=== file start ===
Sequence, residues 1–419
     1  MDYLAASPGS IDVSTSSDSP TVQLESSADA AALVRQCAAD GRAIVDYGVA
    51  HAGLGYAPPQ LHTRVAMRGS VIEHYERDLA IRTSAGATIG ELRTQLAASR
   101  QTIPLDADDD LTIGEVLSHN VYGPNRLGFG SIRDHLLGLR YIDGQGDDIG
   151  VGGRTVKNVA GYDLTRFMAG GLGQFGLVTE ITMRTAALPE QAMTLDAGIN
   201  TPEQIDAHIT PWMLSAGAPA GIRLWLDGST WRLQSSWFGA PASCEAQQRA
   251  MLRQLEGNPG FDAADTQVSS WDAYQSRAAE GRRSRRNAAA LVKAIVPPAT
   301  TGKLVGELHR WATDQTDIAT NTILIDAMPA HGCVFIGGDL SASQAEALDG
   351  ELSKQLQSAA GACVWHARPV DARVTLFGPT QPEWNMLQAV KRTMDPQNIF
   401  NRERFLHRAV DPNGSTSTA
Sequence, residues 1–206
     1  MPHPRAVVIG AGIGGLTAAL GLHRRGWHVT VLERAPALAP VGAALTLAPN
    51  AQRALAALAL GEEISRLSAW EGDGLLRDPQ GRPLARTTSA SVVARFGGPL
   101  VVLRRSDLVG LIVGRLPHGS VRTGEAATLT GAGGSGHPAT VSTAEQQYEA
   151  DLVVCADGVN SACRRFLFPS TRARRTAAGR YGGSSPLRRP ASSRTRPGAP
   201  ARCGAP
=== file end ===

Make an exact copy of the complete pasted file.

Sequence, residues 1–419
     1  MDYLAASPGS IDVSTSSDSP TVQLESSADA AALVRQCAAD GRAIVDYGVA
    51  HAGLGYAPPQ LHTRVAMRGS VIEHYERDLA IRTSAGATIG ELRTQLAASR
   101  QTIPLDADDD LTIGEVLSHN VYGPNRLGFG SIRDHLLGLR YIDGQGDDIG
   151  VGGRTVKNVA GYDLTRFMAG GLGQFGLVTE ITMRTAALPE QAMTLDAGIN
   201  TPEQIDAHIT PWMLSAGAPA GIRLWLDGST WRLQSSWFGA PASCEAQQRA
   251  MLRQLEGNPG FDAADTQVSS WDAYQSRAAE GRRSRRNAAA LVKAIVPPAT
   301  TGKLVGELHR WATDQTDIAT NTILIDAMPA HGCVFIGGDL SASQAEALDG
   351  ELSKQLQSAA GACVWHARPV DARVTLFGPT QPEWNMLQAV KRTMDPQNIF
   401  NRERFLHRAV DPNGSTSTA
Sequence, residues 1–206
     1  MPHPRAVVIG AGIGGLTAAL GLHRRGWHVT VLERAPALAP VGAALTLAPN
    51  AQRALAALAL GEEISRLSAW EGDGLLRDPQ GRPLARTTSA SVVARFGGPL
   101  VVLRRSDLVG LIVGRLPHGS VRTGEAATLT GAGGSGHPAT VSTAEQQYEA
   151  DLVVCADGVN SACRRFLFPS TRARRTAAGR YGGSSPLRRP ASSRTRPGAP
   201  ARCGAP